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Powerline tech students call on Lethbridge College to deliver on program expectations

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WATCH: COVID-19 has presented a number of challenges for educators this year, who have been forced to move learning online and adapt course curriculums. But a group of Lethbridge College students are calling the delivery of their program a big disappointment. Danica Ferris reports. – Nov 13, 2020

Students in the Lethbridge College Powerline Technician program are calling on their school to deliver the program they believe they were promised, after they say hands-on opportunities have been taken away.

The pre-apprenticeship program is described on the college’s website as including “extensive hands-on and theoretical training,” but students say they aren’t receiving that practical experience.

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Brandon Salter says normally the 12-week program includes a two-week practicum placement with potential employers in the Lethbridge area, but those practicums were cancelled due to COVID-19.

He says he and his classmates understood the safety precaution, and were excited to make up that lost experience by building their own poles on college property. But at the end of October, not only was their class put further behind by a COVID-19 outbreak, they also found out that the pole building had been cancelled due to a lack of funding.

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“The plan was for us to go outside for two weeks, and for each crew to build their line,” Salter said.

“So we bought all the poles, the poles are in the ground, but then we had no hardware to put on the poles.”

Frustrated with practical experience being taken away, Salter says he and his classmates began emailing Sheldon Anderson, dean for the centre for trades.

“[We were] saying, ‘We paid all this money — we paid $9,000 — and what are we getting with this?’

“And you know there’s 22 people, times $9,000 in tuition, that’s $198,000, where is that money going?” Salter said.

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Anderson responded with a letter — provided to Global News by students — that said in part: “We have once again reviewed what is required and have found that we have substantially more equipment and materials than any other Powerline Technician course.

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“Industry has identified that the main indicator of success is passing the PLA (AIT Provincial Exam).”

Salter believes most students don’t attend Lethbridge College for that exam.

“There’s a bunch of [students] from B.C., some people from Saskatchewan, there’s one guy from New Brunswick, from Yellowknife, so people are coming from all around Canada for this program,” he said.

“He was saying that the determining factor, or the best thing to come out of this program, was being able to attempt the first-year AIT exam for Alberta.

“So for people from B.C., and from Saskatchewan and New Brunswick and Yellowknife, people that don’t plan on working in Alberta, that exam means nothing.

“It’s mandatory, so those people are coming for practical experience, and if they’re not getting that then they’re not getting anything from this program.”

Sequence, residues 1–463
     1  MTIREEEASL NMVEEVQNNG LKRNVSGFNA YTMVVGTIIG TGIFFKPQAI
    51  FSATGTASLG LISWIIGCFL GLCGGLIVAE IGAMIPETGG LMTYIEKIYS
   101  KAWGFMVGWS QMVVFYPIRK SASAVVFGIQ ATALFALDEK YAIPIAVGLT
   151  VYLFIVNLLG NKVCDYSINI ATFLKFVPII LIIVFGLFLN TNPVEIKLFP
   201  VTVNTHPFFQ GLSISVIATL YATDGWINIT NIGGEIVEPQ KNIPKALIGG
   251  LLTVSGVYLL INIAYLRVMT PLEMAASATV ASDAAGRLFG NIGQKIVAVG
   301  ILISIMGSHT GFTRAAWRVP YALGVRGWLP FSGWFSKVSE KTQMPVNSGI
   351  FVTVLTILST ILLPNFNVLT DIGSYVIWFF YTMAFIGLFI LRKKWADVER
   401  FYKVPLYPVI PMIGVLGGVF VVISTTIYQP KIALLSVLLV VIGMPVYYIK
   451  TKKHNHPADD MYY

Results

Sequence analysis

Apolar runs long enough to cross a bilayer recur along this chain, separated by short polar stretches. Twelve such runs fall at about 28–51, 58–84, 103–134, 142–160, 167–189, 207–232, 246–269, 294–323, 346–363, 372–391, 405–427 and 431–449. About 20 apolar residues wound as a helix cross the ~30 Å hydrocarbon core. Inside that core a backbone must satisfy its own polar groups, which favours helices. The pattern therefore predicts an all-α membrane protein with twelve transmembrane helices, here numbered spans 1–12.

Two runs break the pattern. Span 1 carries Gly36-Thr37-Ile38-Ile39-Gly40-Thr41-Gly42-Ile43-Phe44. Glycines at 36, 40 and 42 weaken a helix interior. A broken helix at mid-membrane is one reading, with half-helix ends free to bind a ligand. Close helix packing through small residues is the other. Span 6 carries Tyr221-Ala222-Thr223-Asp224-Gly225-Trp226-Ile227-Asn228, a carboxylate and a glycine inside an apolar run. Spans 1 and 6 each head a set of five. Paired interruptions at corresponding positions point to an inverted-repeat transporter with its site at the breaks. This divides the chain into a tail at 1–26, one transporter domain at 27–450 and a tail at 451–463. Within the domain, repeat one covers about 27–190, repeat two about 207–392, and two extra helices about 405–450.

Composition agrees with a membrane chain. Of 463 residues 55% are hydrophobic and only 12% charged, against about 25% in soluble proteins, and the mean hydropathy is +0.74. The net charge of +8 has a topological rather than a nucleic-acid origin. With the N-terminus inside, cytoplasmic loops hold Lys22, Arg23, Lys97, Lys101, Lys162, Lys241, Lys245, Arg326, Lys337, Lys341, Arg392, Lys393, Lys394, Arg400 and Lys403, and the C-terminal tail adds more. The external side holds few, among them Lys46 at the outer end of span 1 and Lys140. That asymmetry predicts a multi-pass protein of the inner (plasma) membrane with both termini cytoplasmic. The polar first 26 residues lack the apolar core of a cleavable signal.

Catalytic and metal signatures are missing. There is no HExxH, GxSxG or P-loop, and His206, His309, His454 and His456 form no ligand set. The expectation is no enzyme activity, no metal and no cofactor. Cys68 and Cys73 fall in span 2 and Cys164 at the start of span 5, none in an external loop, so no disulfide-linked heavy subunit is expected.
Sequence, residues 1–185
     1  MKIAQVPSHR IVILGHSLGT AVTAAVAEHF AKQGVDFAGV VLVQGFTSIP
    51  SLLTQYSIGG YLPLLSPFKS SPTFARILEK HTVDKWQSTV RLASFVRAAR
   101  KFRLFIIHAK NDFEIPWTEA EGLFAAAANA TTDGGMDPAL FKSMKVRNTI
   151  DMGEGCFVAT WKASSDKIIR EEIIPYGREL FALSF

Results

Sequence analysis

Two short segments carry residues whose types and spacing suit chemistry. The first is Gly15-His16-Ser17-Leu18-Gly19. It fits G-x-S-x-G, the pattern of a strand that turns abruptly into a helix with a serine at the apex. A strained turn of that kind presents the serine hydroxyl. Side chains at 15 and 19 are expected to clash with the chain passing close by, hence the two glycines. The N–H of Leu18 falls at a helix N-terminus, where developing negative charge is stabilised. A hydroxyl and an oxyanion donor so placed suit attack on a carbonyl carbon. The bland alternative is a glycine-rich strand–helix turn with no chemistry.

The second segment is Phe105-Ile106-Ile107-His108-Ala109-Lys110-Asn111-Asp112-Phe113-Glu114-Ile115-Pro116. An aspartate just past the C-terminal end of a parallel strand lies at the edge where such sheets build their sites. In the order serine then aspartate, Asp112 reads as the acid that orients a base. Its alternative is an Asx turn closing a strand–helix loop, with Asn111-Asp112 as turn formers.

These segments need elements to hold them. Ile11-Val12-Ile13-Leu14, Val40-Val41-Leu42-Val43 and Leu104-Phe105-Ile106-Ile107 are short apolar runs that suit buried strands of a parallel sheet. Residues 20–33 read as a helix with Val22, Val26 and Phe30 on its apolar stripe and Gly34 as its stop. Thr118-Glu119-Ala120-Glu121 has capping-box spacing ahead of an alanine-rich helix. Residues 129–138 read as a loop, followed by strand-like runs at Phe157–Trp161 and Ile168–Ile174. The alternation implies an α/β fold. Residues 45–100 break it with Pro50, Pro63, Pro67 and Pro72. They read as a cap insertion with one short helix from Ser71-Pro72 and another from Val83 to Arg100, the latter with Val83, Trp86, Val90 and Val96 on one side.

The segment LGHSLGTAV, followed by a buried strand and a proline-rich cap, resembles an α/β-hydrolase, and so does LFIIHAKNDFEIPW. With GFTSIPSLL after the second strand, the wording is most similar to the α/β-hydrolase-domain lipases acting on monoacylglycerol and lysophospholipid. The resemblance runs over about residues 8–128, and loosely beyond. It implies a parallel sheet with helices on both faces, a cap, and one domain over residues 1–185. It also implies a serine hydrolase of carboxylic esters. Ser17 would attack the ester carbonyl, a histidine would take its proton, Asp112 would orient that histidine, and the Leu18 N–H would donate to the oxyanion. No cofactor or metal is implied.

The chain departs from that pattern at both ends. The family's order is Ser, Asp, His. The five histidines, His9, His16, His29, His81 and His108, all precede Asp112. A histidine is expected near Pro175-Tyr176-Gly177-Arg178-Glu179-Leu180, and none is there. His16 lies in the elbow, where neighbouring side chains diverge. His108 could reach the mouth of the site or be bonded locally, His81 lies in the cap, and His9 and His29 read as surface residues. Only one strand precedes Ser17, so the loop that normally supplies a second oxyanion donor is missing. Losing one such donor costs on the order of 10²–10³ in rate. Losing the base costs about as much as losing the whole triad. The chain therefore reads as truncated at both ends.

Salter’s classmate Jay Vogelpohl said everyone in the class is frustrated, as 22 students try to share limited resources in a program that normally only accepts eight to 12 people.

“Half the tools that we have are kind of broken, missing, incomplete or we just don’t have enough of them because we have such a large class,” he said.

Vogelpohl believes the online delivery has also put many students at a disadvantage, with half sitting in class with their instructor and the other half trying to pay attention over Zoom.

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“When we had our very first test, the students that were in the half of the class with our instructor had everyone pass. The passing grade was 70 per cent. The other class, where everyone had to sit in the room and focus on the computer screen with the Zoom lesson, I believe only one person passed in that class,” he said.

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Global News asked Lethbridge College specifically about the funding and class size for the 12-week program, it responded with the following statement:

“Lethbridge College is committed to providing a meaningful educational experience for all students that meets the needs of industry and prepares students for fulfilling careers.”

“In the case of the Powerline Technician program, class delivery was affected by a COVID-19 outbreak, along with some technical difficulties beyond the college’s control,” the statement said.

The college would not answer a follow-up question requesting clarification of the technical difficulties.

“College leadership has met with program faculty to address these concerns and continues to work towards solutions that will ensure all course outcomes are met and students are provided with a high-quality educational experience,” the school said.

Salter said a few of his classmates have asked if partial tuition could be reimbursed to make up for the lost practical experience, and that the college has denied such requests.

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